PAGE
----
Late last week, Rob and I connected and, once again, he gave me some feedback on my work. His latest recommendation is that I familiarize myself more with the current broker landscape. His June 2018 Red Dot on Zillow, Redfin and Realogy is where I have begun taking a deep dive.
While I don’t expect to impart any particular housing wisdom to you all, I might be able to draw a parallel between my experience in tech. In doing this, I might be able to add some value. Here it goes.
Zillow is following in Amazon’s footsteps to dominate the residential real estate market. The two most obvious connections are Amazon and Zillow’s focus on developing low margin, high volume transactions, and their ability to make the purchasing process easy enough for their consumers to keep coming back. In doing that, they end up creating huge monetary upside over time. Obviously, e-commerce and real estate are completely different markets, but, after looking into it, I think they both are similar from a business model perspective.
Website Traffic Now, Money Later
Zillow just wants a high volume of traffic and transactions. To give you a bit more color as to what I am talking about, in 2018, then Zillow CEO, Spencer Rascoff, time and time again stated in his earnings report how much Zillow is focused on “market-making opportunities.” In other words, he would be willing to lose money in the short term to drive as much traffic to Zillow’s website as possible. This is what makes the entire iBuyer model work. As Rob writes in his Red Dot, “Rascoff sees Zillow making $3,500 on a $250,000 home, a puny 1.4% profit.” But, when you can expect to make that profit margin for around 275,000 transactions, all of a sudden you’re sitting on a billion dollars. When you look at it that way, it makes perfect sense to be trying to make those types of margins. Rob even said he, “would guess that there’s a very good chance that Zillow could lose money on homes year after year, and more than make that back.” In other words, the money will come if you keep people going to the website.
Similarly, Bezos is now famous for offering Amazon Prime when he knew that every one of his Prime members would initially lose the company money. Over time, with enough volume, however, Bezos also knew that these would become his most loyal and high-paying customers. This is exactly how it panned out. As of today, over 82% of Americans have Amazon Prime and the initiative certainly has padded Amazon’s bottom line. I see that as a similar business model to what Zillow is going after.
Make It Easy to Spend Money
Zillow does everything it can to make the home buying process simple and easy. Did you know that the biggest factor in a buyer seeing a home is whether or not the agent responds? Zillow has taken specific actions to alleviate that pain point for their customers. “A 2011 NAR study found that 46% of online leads go completely unanswered. An additional 23% of online leads received a response after 8 hours (or more) had passed – an eternity in today’s web-based economy.” In other words, Zillow is building extremely valuable brand loyalty by proactively providing a better consumer experience than what the rest of the market provides. In doing this, they manage to not only capture the large percentage of the market that goes unnoticed but, more importantly, become the first option for those same customers 5-10 years down the road when they are looking to move again. By being proactive about assisting interested buyers with information asap, they convert them into lifelong Zillow users.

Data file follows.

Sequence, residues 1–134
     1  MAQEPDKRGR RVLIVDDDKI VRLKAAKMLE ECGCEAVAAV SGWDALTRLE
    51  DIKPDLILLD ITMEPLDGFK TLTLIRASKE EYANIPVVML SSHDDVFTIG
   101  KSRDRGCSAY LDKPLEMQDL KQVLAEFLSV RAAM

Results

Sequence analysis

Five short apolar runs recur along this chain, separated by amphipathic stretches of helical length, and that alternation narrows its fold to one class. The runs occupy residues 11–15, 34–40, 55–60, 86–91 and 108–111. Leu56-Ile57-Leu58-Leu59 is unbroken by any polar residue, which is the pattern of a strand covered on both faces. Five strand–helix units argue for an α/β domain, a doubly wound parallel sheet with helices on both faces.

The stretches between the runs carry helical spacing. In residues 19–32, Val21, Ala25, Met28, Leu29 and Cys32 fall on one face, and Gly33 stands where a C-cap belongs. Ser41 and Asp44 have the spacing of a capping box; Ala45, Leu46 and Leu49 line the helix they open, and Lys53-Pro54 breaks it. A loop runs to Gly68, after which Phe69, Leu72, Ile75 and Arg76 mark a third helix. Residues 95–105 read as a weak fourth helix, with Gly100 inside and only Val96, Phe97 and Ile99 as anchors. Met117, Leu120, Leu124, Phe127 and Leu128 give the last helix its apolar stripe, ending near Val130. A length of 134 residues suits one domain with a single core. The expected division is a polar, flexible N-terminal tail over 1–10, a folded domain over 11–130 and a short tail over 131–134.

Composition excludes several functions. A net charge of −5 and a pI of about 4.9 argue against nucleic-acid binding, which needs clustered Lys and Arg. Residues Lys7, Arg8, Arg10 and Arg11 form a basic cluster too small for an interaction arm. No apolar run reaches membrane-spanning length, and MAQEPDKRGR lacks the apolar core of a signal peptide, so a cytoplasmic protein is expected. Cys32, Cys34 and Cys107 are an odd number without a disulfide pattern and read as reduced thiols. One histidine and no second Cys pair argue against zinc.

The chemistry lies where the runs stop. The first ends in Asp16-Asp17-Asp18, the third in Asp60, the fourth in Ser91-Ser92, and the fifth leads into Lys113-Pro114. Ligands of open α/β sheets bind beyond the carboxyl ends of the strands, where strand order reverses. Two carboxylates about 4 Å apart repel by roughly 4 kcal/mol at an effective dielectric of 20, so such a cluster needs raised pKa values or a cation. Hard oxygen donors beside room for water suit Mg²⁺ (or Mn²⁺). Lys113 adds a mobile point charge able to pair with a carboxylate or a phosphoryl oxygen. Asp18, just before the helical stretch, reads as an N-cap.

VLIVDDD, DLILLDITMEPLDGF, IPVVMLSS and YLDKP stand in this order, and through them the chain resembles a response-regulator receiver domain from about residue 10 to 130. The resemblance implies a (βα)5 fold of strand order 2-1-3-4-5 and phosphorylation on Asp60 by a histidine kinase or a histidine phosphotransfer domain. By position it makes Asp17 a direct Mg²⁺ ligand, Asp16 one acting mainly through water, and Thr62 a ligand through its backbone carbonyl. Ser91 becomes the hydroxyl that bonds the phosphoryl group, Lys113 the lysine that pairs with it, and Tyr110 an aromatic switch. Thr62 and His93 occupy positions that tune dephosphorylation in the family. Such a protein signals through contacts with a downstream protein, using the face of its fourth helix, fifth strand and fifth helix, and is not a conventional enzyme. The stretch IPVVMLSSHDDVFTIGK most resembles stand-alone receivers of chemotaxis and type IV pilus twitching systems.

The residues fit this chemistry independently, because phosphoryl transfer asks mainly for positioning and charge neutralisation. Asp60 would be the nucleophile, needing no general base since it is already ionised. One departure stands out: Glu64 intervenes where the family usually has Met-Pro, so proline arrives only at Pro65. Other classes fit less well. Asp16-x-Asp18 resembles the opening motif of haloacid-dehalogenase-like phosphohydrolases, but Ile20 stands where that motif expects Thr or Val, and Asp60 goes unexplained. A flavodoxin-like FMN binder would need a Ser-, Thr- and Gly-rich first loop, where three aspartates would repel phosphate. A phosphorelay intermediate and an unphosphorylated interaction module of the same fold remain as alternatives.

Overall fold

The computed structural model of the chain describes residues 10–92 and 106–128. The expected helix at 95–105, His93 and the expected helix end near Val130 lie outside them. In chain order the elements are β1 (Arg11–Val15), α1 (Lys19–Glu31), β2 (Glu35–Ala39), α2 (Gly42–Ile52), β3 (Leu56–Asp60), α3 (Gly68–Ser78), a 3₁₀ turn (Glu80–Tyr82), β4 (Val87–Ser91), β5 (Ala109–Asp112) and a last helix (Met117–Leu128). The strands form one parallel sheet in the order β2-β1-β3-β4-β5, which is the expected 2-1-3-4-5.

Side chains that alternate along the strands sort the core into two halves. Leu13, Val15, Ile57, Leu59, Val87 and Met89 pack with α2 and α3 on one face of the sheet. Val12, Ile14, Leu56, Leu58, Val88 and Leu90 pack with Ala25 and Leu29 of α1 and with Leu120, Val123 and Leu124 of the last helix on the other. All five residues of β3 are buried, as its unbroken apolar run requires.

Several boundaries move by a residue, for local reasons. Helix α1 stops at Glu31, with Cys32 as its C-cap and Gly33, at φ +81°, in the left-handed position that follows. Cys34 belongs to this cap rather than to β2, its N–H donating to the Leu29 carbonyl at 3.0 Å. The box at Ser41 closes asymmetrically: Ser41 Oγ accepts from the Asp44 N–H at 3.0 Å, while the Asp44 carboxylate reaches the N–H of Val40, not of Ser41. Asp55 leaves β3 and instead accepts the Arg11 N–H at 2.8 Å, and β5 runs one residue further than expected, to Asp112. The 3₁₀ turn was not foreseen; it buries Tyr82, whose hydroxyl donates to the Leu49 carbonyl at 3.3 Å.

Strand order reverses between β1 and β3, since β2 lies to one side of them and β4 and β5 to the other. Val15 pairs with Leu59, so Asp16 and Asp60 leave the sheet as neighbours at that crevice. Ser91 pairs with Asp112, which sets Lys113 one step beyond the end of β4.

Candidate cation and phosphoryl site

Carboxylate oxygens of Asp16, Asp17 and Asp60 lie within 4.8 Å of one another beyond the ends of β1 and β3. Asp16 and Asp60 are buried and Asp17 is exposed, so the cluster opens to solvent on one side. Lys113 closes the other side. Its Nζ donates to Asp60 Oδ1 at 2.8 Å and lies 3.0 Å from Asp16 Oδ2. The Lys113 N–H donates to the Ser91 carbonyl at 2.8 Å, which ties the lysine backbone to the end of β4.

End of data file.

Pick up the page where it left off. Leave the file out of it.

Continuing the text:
When Amazon was trying to grow its brand and build lasting customer relationships in the early days, it did something similar. It copyrighted the “1-click” buy system and made it easier than ever for customers to use Amazon’s service. Back then, Amazon was the only e-commerce business in 1999 to store customer credentials in their servers and enable customers to buy their products with one click. That made the buying experience so easy for customers that Amazon kept coming back and associated Amazon as a great service they would keep using. In other words, they developed incredible customer loyalty by making their experience better than the rest. Those consumers kept coming back thanks to the “1-click” buy system.
While they aren’t filing for patents, Zillow is eliminating a large pain point in the home buying process and converting those customers into loyal repeat buyers. Similar to Amazon, they are reaping the rewards of that strategy. Since February of 2020, their stock has sky rocketed!
Will Zillow Become a Monopoly?
Ultimately, Zillow is going to try and maximize its control of the entire home buying and selling process. If they can be the iBuyer and seller while also growing their online traffic and brand loyalty, they could very well become a monopoly. Similar to Amazon, it could then leverage its dominance in residential to expand beyond. Wouldn’t it be funny if Zillow started doing so well that they diversified into a cloud services company to compete with AWS? Are you worried about Zillow or any other players in residential real estate becoming a monopoly? Do you agree with my comparison of Zillow to Amazon? Leave a comment!
In any case, as I continue to learn more and more about real estate, the big players, and how it all works, I hope to keep drawing parallels like what you see above. I hope you find it as interesting as I did.